The Diagnosis and Treatment of PostTraumatic Stress Disorder

Keyhill Sheorn, MD is a general psychiatrist with a full-time solo practice who specialises in the treatment of post-traumatic stress disorder (PTSD). To help you with challenging cases, Dr. Sheorn is especially adept at determining what is, or is not, PTSD. As winner of the Most Highly Regarded Expert Witnesses 2017 award, we spoke to Dr. Sheorn to find out more about her exceptional work within that respected field.

Dr. Sheorn is the director of Psychotherapy Training at the Medical College of Virginia’s Department of Psychiatry, and is the recent past president of the Virginia Psychoanalytic Society. Dr. Sheorn lectures nationally, providing continuing education to physicians, attorneys, and associated professionals in those fields. She has been in her current job role for 28 years.
Keyhill Sheorn, MD begins this insightful interview by detailing her work as a full-time solo practitioner.
“Time is spent in my practice diagnosing and treating patients who suffer with post-traumatic stress disorder (PTSD). Only about 8% of people exposed to trauma develop the disorder. It can be useful for the others to have a diagnostic evaluation and help them to understand the differential diagnoses that might explain their current symptoms, if this is not PTSD. A higher incidence of PTSD, of course, is to be expected with rape, or combat-related trauma.

“Treatment for an acute traumatic event is normally between eight and twelve sessions. Longer-term therapy is required for adults with residual childhood trauma, repressed trauma, or survivor guilt. Many modalities of therapy are suggested for PTSD. My specialty is desensitization, and then psychodynamic psychotherapy for those patients capable of, and desiring, the insight into their suffering.”
Keyhill then offers her thoughts on winning the Most Highly Regarded Expert Witnesses 2017 award, before telling us why expert witnesses are essential for cases today.

“I have an earnest belief that the people who really are suffering are being partitioned out in court by the people who are misrepresenting injury for financial gain. I am glad for this award, if it allows me to dispel some misconceptions about PTSD to both the public and legal system.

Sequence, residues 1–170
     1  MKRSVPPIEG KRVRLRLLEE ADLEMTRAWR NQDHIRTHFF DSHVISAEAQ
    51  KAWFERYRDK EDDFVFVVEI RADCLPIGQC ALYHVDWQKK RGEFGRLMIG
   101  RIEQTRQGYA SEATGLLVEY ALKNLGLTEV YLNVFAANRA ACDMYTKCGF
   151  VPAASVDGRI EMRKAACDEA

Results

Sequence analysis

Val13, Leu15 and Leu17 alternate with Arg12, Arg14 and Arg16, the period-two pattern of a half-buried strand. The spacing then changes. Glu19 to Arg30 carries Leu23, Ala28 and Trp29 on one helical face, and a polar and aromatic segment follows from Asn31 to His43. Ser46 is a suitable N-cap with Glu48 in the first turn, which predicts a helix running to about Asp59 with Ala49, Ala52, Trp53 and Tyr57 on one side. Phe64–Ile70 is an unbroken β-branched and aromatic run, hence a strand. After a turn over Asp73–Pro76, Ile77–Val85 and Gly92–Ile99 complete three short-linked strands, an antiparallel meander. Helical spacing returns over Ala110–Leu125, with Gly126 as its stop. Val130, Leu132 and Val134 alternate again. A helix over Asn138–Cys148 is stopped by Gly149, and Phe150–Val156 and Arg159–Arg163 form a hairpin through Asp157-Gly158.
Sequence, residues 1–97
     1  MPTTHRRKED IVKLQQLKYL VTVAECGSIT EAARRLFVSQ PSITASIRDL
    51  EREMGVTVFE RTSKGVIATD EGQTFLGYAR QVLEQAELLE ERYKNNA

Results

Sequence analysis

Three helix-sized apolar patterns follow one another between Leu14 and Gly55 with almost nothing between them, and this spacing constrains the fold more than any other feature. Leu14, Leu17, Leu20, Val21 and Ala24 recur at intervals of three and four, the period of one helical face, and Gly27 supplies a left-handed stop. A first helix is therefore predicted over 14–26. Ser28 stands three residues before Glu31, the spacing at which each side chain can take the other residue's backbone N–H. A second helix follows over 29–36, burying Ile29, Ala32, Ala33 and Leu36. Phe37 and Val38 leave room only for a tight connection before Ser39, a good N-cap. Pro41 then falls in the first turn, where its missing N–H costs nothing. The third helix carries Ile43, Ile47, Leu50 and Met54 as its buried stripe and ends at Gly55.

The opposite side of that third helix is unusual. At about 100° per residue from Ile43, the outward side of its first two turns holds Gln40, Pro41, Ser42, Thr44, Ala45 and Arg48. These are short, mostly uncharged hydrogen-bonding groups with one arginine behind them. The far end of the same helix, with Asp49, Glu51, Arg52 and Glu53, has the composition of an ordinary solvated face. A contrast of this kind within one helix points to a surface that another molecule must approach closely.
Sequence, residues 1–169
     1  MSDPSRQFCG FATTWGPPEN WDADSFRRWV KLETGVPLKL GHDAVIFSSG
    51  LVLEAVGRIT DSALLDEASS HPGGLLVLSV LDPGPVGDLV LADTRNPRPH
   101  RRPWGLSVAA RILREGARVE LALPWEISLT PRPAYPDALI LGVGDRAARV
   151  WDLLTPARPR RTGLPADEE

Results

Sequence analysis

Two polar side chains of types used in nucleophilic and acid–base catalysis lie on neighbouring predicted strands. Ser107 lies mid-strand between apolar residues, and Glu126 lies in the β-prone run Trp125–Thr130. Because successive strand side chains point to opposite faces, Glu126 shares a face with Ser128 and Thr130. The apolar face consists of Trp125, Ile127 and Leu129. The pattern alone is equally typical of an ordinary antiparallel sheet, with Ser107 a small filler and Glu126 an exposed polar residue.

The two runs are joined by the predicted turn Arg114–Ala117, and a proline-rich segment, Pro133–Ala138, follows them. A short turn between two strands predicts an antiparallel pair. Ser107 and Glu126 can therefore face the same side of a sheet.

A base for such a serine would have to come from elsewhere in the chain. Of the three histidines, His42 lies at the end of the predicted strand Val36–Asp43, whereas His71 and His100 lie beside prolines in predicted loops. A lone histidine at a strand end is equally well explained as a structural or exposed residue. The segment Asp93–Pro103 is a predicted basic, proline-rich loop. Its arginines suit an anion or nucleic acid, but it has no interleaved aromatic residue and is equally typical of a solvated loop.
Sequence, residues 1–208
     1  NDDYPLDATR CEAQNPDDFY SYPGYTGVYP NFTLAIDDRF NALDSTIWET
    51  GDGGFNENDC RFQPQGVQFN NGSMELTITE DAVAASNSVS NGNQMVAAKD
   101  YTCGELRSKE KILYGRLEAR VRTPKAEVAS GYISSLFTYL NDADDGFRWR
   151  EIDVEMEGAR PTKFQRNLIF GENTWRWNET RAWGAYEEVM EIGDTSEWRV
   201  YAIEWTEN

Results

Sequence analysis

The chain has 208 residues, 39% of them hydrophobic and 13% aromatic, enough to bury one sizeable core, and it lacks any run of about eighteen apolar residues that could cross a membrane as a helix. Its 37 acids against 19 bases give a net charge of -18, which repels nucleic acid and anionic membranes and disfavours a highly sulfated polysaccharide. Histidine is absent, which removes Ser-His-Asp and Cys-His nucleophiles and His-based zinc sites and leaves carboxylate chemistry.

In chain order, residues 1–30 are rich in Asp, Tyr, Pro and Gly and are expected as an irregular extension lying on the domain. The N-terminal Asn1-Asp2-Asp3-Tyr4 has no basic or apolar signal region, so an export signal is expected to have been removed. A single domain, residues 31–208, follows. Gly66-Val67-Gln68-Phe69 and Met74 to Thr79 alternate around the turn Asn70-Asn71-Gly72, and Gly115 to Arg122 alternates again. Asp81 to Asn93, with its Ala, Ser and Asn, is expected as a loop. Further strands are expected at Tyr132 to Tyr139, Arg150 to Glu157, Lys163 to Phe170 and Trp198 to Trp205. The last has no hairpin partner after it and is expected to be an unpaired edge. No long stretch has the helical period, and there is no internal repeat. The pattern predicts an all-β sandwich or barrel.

“For my specialty of psychiatry, I think it’s helpful for victims to have someone stand up for them in court, when it comes to that. And it can be good for a jury or the court to be able to hear the facts in a manner that takes some of the complexity out of psychiatric matters. Everyone understands physical injuries, because most of us have endured that at some level or another. But debilitating psychological pain is difficult to see or feel or comprehend, if you haven’t gone through it, or loved someone who has experienced it. Experts are so exquisitely important to describe these matters.”

Dr. Sheorn then provides us with some insight into her work, knowledge of this industry sector and the kind of cases she has provided expert witness testimony for.

“The DSM 5, the Diagnostic and Statistical Manual of Mental Disorders is widely available online and in book stores. Diagnostic PTSD check-lists are easy to print out and use as ‘proof’ of injury. Were it that easy to diagnose this disorder, we wouldn’t need trained clinicians. And yet, attorneys are relying on these patient-reported facts to guide their cases.
“My unique knowledge allows me to serve both plaintiff and defence. Because I treat the disorder, I have an in-depth understanding of the pathology. Because I teach and talk about the disorder, I have the other vantage point of being able to grasp what is not PTSD and explain why that is so.

“In terms of any cases I have worked on, these matters, by their very nature, must stay private. However, there have been cases of personal injury, work-related injury, imagined injury, Munchausen, Munchausen-by-Proxy (where the psychiatrist was causing the illness). There have been cases of survivor guilt, unconsciousness during the traumatic event, and bizarre stories that turn out to be true. There is a wide complexity of the diagnosis of the disorder.”

Dr. Sheorn then shares with us her concluding thoughts, including her professional hopes for the future.

“Looking ahead, I see myself as doing more of the same, perhaps with a narrower focus as the courts see fewer inauthentic cases of PTSD. In my professional capacity, I would hope that attorneys would feel comfortable to just pick up the phone or send an email asking a few basic questions about their cases, before they get so far down the road. Vast resources are being used on exaggerated claims which might be better reserved for actual victims.

“The treatment of PTSD is very specialised and tailored to each unique patient. Not everyone responds the same way to trauma, so not every modality of treatment works for each one. It is important for victims to know that they can keep trying to find the right person to help them. This is a highly treatable disorder that does not have to last a lifetime.”  

Company: Keyhill Sheorn, MD

Name: Keyhill Sheorn, MD


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